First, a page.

full steam ahead to the kerbed mission! I have 3 days before leaving on my first fireworks show and losing 5 days of lead time. Then another 3 days back before losing 4, then 2 days back before losing almost 2 weeks. Yikes. I need need need to get to the kerbed launch because I’m pretty sure there are things I haven’t considered that I will have to go back and write in or change. Hopefully not, but I doubt it.

Mk6-II mission

This was way harder and took way more time than I thought it would, or that I really had to spare. 4 days total – mainly because it took so many tries to get the flight software working properly and the mission lasts for over 3 hours. So if anything went wrong I had to start over. And I couldn’t come up with any good way of doing logic tests on the code because the hibernation requires preset conditions that come about after launch and ascent. So I couldn’t just save the mission after launch and reload to that point to continue testing a certain mission milestone that was causing a program crash.

Eventually I just said screw it – if the program crashes out I would just startup a screen cap and rebuild the mission telemetry log from that and video capture. It would still take time but not as much as redoing a three hour mission over and over. Thankfully though everything finally worked on that last try where I said I’d give up if it didn’t work.

This was the first time where I really felt a small bit of the incredible pressure that must weigh on actual mission planners. I mean, I know they have taken the time I don’t have to develop simulation software that can stress-test their code and make sure that everything was programmed properly but nothing is ever guaranteed 100%. Here I am biting my nails hoping my software doesn’t crash on a 3 hour mission I spent two days programming and you have actual mission scientists doing the same but for a mission they spent years working on and years waiting for it to travel out to its target. Holy shit I have so much respect.

Also, I had absolutely no idea the rocket would fly that high. None. At all. Which meant the decision to switch to 30s hibernation intervals which I did make based on how much EC was remaining after the last mission and before I launched this one was a real consequence, not something I made up to make things more tense. I was literally on the edge of my seat watching the power drain as the spacecraft neared the edge of the inner radiation belt. Then it squeaked out with a minuscule amount of power remaining I threw up my arms and whooped. Great moment.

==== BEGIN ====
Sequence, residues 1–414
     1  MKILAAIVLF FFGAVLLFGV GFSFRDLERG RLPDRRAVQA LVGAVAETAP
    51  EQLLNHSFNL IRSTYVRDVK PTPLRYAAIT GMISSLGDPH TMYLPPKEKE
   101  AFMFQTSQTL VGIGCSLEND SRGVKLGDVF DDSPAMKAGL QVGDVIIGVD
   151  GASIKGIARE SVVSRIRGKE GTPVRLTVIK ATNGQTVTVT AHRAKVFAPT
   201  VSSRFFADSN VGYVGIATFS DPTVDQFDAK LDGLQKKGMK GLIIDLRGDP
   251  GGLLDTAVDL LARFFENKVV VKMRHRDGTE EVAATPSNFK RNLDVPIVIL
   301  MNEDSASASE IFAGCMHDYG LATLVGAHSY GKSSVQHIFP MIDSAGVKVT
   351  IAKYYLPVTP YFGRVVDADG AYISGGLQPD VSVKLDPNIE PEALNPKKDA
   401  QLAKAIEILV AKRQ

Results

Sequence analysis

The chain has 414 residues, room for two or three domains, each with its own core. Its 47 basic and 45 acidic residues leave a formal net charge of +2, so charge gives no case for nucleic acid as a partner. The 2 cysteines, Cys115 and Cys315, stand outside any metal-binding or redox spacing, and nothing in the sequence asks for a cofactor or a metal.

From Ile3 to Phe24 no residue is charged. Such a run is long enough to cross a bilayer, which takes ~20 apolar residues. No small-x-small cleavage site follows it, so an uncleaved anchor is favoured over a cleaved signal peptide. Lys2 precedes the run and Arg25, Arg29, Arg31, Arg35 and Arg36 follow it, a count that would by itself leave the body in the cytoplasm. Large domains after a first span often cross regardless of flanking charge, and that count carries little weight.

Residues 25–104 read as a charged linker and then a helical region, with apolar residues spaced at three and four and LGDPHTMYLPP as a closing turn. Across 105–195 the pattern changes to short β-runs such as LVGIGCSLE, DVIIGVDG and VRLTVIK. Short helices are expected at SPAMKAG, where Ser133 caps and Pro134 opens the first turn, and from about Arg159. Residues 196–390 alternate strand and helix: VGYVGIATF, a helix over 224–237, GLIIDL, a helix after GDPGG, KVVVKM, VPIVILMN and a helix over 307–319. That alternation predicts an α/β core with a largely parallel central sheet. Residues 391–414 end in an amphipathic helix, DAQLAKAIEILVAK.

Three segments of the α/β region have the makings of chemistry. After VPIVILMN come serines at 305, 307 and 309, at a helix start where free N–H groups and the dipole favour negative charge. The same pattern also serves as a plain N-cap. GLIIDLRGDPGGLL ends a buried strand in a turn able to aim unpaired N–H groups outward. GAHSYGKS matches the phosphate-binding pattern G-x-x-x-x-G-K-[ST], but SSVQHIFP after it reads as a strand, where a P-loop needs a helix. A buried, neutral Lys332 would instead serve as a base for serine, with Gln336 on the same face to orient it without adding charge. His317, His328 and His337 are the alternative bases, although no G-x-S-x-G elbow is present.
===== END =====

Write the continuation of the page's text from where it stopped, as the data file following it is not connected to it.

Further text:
Also, while it would have been nice to have actually programmed the electrical drain failsafe, the actual plan in order to save time not having to write and test more code was to just enable infinite EC in the cheat menu and then afterwards manually cull out any log data that shouldn’t have been logged between then and the next time it contacted KSC. As in, completely – not even saving it for myself to reference.

Deuce mission

Well the flight itself was uneventful – aircraft flew fine, game didn’t slow to a crawl in the hours it took to fly and I even managed a decent landing upon my return. But getting those four screenshots? Holy fuck. Two hours. I’m not even going to get into the details in how many ways this game messes with me trying to setup for these images because I would get really mad again. I got them, they are pretty, end of story. But if you ever wondered why I don’t post a lot of them from aircraft missions, now you know.

[update 7/9] Ops Tracker live trajectory

The plotted trajectory for the Mk6-II flight was something I did on past missions but this time was a bit different in that I implemented a new feature in the Ops Tracker. I managed to get it done the day before I left for my 2-week road trip for fireworks shows. This is the basis for live aircraft flight tracks once comm satellites are in orbit to provide full mission coverage